Its 2003, somewhere between Texas and New Mexico, my mom unwraps a new cd she bought for the road. It’s new, it’s cool. The cousins and my brother and I get quiet as the first Green WOW disk slips into the CD player.
I wish I could say I experienced some life changing worship moment. That as a child I felt the spirit of God in the third row of an SUV. But what happened that day was special. As simple as it sounds, that CD helped set the soundtrack for the next few years of our life as a family.
This was in the time before Spotify, streaming, or even accessibility to CCM outside of what our Family Christian store carried. Our city didn’t have the options for CCM that most larger cities had. WOW Worship also had the appeal of multiple styles and artists on one CD. It was a no brainer considering the value and the amount of music.
Through the next few years, life came and went. Births, deaths, sickness, joy, laughter, life. All the while, the green WOW CD spun in the background. In car trips, Saturday house cleanings, family prayer nights, and afternoons playing Legos this was the soundtrack. While the songs certainly were of a spiritual value (could we call ourselves good Christians if the lyrics didn’t pass the Philippians 4:8 test?), the lessons about worship music we just as valuable.
The Green WOW CD showed that many artists who’s songs were sung in churches were embracing new styles. Darlene Zschech is featured on this album while she was the worship pastor for Hillsong. If you listen to “All Things Are Possible” you wouldn’t think that it was the same church, let alone the same person who helped write, sing, and collaborate on many more Hillsong albums until as recently as 2017.
One of my favorite artists from this album is Paul Baloche. If you aren’t familiar with him, that’s okay, you’ve probably sung a few of his songs, as he is one of the most performed artists during church services according to CCLI. But aside from his talent as a writer, musician and worship leader, Paul’s heart is one of the few in the worship world that has been consistent over years. One of my favorite resources to this day is his YouTube Worship series. Some of the talent off this album has come and gone, but true servant hearts like Paul remain and still impact to this day.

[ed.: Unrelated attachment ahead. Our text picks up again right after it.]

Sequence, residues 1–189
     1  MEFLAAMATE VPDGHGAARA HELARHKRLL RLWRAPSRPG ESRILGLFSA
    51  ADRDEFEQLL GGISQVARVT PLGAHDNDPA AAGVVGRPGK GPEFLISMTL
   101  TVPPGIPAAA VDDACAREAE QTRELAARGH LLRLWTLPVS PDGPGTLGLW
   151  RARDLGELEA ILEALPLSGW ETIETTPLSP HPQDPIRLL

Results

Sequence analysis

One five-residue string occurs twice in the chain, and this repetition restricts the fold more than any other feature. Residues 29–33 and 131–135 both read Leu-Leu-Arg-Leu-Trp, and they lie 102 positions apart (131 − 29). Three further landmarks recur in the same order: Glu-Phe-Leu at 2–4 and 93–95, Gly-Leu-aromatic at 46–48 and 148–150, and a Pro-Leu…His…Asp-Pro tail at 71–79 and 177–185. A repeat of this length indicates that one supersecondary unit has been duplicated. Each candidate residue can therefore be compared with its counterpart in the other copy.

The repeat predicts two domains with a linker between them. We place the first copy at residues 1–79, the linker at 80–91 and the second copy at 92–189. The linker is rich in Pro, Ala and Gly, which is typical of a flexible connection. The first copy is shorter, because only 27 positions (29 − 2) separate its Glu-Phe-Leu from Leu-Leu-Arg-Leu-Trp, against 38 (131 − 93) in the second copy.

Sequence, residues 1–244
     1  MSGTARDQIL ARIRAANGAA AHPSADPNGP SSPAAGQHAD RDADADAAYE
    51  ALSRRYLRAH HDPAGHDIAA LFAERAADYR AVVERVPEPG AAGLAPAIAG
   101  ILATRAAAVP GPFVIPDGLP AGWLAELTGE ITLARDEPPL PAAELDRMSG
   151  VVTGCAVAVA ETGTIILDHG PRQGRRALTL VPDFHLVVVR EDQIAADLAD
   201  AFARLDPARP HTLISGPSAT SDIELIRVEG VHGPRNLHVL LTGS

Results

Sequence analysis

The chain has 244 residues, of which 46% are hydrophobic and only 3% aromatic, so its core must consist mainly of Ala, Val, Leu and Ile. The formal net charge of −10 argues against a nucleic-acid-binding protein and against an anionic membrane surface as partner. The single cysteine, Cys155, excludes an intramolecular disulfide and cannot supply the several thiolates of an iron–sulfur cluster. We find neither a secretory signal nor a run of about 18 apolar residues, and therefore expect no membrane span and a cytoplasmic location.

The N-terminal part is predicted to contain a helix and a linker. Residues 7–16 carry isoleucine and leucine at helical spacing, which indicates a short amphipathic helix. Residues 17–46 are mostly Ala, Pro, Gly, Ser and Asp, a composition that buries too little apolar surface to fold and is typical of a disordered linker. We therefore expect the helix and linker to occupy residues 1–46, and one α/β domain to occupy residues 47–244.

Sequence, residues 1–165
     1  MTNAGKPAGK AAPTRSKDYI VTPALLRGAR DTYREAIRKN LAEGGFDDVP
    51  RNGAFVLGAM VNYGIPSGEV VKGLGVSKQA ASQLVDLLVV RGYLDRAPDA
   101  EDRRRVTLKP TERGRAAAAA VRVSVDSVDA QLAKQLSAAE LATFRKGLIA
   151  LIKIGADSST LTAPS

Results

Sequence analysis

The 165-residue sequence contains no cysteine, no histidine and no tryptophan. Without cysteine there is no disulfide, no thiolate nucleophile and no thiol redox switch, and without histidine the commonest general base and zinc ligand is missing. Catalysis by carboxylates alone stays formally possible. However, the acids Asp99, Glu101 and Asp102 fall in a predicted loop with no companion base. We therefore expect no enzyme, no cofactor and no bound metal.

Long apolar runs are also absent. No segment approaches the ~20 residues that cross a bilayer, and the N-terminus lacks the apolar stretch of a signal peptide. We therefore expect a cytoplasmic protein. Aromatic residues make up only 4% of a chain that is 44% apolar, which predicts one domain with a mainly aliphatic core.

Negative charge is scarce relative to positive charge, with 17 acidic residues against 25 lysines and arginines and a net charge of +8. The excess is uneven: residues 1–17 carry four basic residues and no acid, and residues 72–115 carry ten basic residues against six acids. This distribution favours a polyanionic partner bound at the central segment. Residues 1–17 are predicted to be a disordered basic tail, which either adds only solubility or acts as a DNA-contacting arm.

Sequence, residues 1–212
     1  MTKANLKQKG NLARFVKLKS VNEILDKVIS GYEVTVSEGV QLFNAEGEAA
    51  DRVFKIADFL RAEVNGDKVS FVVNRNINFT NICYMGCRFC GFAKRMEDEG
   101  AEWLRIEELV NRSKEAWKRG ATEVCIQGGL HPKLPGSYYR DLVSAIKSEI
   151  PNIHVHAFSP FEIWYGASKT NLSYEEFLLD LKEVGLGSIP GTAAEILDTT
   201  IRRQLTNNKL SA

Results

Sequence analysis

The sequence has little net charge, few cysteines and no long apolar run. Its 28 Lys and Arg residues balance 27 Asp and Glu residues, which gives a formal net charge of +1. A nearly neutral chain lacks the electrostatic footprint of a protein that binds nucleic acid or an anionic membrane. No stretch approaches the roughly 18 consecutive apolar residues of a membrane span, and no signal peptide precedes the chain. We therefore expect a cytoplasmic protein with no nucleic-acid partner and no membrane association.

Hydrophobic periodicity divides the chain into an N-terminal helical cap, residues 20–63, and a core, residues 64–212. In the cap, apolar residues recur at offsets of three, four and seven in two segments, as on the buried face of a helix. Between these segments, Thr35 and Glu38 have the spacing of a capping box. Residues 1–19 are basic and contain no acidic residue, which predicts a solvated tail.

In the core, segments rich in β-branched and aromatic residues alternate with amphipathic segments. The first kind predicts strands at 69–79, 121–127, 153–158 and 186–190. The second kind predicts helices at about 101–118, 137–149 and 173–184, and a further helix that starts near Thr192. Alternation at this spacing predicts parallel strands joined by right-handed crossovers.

For all the possible issues we can find with churches large and small, I will say that generally churches are filled with broken people trying their best. I would say this is true for the churches I grew up in. But sometimes it is fun to take a step back to see the vision of Jesus our parents were meeting in worship every Sunday. Here’s a glimpse of Jesus from the Green WOW CD. “He Knows My Name” – shows a desire for and recognition of a God who is near. Songs like “All Things are Possible” speak to the declaration of a living, powerful God who defeated death. Echoed on this album is the desire to bring worship, but to leave prepared to share the love of Christ. For me, being aware of this view of God, made me more aware of my “modern” view of God and how our churches (programs, goals, prayers, etc.) are strongly effected by their view of god.
If you grew up in a Christian house like mine, there’s no doubt you learned that lyrics matter. We had a great time growing up talking about if the Newsboys song “Breakfast” had anything spiritual in it (I contend it has more theology in it than most worship music today and I’ll die on that hill. #BreakfastClubber). But even on this “worship” album, songs that relied on emotion or popular phrases didn’t age well in my opinion. Songs that were direct in their theology, honest in their approach, and not purposely vague ( the “could you sing this worship song to your wife/husband test” was always a hit at our house), seem to hold up the best even today.
This music is a product of the late 90’s worship sound. Listen to the first “upbeat” tracks and if you remove the lyrics, it could be the intro music for a gameshow. It’s so different, I’m not sure if it could ever make a comeback. Local Sound made a great effort, but it’s important to remember that this music served a purpose for that time and when it was time to move on, it was better to let it go gracefully.
As someone who still loves all kinds of music, the new sounds in church are inevitable. Do I think everything old should be thrown out? Never. But we should be careful not to give value simply to things that are old. But something that has always stuck with me is the tie to the past some of this music has. When I hear some of these songs, they are campy, maybe a little silly sounding, or have aged poorly, but despite all of that this music can help me remember a time when God was near to me and my family. A touchstone, an “Ebenezer” if you will, to remember the faithfulness of God then as a reminder that he is near and faithful now.